It’s business as usual for technology M&A argues Paddy MccGwire of Cobalt Corporate Finance. And there are profits to be had by all provided you prepare the ground properly.
Paddy MccGwire’s business horizon extends further than most – up to 18 months ahead in some cases – and usually provides a very accurate picture. As founding partner of Cobalt Corporate Finance, he has helped nurture a business ethos that places great store in cultivating potential clients that involves grooming them for sale, or advising them on a ‘wish list’ of acquisitions. And he reports that the storms lashing global financial markets have barely rocked the good ship M&A, although he does suffix this claim with a three word caveat: “At the moment.”
In his view, the credit crisis has caused hardly a ripple in the waters where he and his colleagues trawl for business. At the same time, however, he keeps a prudent finger in the air to detect which way the wind is blowing.
It’s just a finance sector problem
He accepts the banking system is in crisis, but regards that as “a financial sector problem”, which, for the time being at least, does not appear to have impacted on his ambitious plans. In Cobalt’s area of expertise – advising and arranging finance for mergers and acquisitions in the technology, media, and telecoms sectors – there is still a healthy appetite for good deals involving strong, healthy companies and, crucially, all at the right price.
“In the past few weeks, we have completed four deals, and we have a good pipeline of work coming through in the next few weeks. It‘s the same for five months or so after that,” says MccGwire. More importantly, the long view also indicates that deal activity is maintaining its robust momentum.
“People are telling us that they are looking to sell their businesses as far ahead as the end of next year,” he reveals. “They come to us to talk through their ideas, and we are asking them to come back later in the year to firm things up.” MccGwire adds: “We like to work with people as much as 18 month ahead – companies that come to us and say ‘we’re thinking of selling, what can we do to enhance the value of the business?’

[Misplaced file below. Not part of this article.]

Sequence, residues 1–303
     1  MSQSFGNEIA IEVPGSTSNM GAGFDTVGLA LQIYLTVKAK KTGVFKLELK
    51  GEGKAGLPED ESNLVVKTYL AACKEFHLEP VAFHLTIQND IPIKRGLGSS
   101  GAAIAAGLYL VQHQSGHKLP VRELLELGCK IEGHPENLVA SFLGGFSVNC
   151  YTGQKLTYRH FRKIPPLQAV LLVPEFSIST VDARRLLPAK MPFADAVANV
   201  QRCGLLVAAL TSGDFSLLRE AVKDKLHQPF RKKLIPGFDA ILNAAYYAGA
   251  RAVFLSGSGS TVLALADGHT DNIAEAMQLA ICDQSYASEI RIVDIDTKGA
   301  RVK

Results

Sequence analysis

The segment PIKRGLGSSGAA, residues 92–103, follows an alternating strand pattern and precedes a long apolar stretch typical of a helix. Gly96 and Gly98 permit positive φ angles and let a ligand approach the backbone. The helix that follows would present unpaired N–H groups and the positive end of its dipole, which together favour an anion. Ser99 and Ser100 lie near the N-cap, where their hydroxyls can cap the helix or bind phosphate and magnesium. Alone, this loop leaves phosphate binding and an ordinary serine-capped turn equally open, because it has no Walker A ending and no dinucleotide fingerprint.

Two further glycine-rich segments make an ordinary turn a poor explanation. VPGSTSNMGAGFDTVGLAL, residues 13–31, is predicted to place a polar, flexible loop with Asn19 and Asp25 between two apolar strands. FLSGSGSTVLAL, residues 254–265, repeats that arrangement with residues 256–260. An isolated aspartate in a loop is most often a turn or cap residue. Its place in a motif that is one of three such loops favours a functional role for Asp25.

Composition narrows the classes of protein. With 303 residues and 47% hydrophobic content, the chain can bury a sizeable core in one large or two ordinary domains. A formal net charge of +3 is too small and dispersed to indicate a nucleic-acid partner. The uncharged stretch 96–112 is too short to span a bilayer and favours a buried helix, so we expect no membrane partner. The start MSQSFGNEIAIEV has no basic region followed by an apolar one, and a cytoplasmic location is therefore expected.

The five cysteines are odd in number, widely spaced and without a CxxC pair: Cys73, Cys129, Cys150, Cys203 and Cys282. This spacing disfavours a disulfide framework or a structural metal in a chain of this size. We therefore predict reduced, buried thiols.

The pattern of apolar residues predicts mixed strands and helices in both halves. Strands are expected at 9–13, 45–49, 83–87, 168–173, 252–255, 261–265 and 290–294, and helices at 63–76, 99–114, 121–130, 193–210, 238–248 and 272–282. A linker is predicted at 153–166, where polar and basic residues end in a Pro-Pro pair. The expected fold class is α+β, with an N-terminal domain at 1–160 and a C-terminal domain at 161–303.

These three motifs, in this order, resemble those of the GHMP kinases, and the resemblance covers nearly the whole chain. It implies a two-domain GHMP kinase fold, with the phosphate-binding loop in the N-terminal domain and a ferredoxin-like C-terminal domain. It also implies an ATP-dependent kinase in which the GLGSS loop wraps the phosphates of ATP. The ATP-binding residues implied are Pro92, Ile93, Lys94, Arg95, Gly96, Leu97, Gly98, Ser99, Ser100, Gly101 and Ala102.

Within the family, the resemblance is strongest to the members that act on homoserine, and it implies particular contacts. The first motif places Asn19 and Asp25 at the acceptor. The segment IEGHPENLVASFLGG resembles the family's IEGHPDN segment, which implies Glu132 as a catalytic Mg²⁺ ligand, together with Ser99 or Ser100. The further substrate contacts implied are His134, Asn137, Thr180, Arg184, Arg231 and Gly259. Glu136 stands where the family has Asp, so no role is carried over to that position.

Selling up and getting more
Alternatively, a company that has been approached by a potential purchaser may contact him or his colleagues. Then the questions being asked revolve around the valuation of the business and whether there might be other suitors out there willing to pay more. “There is material value to be added by preparing a company properly,” he explains.
“Sorting out a firm’s internal housekeeping is very important, and so is the strategic positioning of the business, which is pretty fundamental. “If a company is thinking about acquiring another business the question might be ‘will we get real benefit from the deal before we exit?’ ”
MccGwire’s own take on the current climate – and that is echoed by Neil Foster a lawyer active in the technology M&A field – is that the technology sector is “pretty healthy,” not just in the UK but globally. “You still have people consolidating, and making strategic acquisitions,“ he says. “We recently sold one company to a private equity-backed management team, and in the next few weeks will be selling another to a US-based UK-listed company.
“This will be at a strategic price – based on a much higher multiple of its profits than its intrinsic value, because the purchaser can see the potential benefits of the deal, which makes the company much more valuable as part of their business than it is currently on its own.”
In many cases the ‘strategic price’ can deliver a knockout blow to private equity, which relies very heavily on being able to persuade bankers to open their wallets and make cash available. When the wallet stays closed private equity transactions tend to slow down or evaporate completely.
MccGwire views the current climate as a series of opportunities. As well as completing one sub-£10 million deal recently – the sale of the compliance software firm WorkSmart – Cobalt has another £20-£30 million deal in the immediate offing, and is in the process of signing mandates with new clients.
“I take the view that it’s not all doom and gloom,” he says. “I spoke to someone yesterday who is merging his £8 million business with another £7 million business. They have good order books and there are many things they can do together. They intend to grow for the next two years, and then exit. They have a £15 million turnover business with a 15 per cent net profit and they are doing well. They don’t see themselves being hit by what’s happening.”
This could be down to the well-recorded phenomenon that persuades individual businessmen and women that although everyone else in their sector is struggling, they themselves have record order books.